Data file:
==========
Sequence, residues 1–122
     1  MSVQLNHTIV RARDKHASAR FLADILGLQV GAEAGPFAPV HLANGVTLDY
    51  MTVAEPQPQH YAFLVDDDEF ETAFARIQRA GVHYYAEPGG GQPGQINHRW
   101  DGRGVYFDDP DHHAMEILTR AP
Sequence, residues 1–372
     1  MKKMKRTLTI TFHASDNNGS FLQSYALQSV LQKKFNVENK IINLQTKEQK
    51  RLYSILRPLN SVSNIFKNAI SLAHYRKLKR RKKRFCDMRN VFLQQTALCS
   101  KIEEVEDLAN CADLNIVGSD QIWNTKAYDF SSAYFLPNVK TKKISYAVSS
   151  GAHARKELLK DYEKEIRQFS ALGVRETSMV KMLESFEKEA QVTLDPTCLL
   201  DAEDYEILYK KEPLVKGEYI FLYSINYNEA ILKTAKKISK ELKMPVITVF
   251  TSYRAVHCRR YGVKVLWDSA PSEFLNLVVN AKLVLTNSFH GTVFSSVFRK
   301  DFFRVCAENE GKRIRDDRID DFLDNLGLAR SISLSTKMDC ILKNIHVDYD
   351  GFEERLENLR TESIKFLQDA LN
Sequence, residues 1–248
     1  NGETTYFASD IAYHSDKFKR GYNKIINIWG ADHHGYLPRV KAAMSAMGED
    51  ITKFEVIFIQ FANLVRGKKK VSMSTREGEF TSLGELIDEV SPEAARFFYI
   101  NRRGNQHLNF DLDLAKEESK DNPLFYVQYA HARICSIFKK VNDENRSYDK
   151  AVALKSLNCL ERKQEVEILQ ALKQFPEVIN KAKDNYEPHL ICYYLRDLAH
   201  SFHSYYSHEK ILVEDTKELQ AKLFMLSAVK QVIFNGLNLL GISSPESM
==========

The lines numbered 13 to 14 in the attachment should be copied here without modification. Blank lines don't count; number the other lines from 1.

   351  GFEERLENLR TESIKFLQDA LN
Sequence, residues 1–248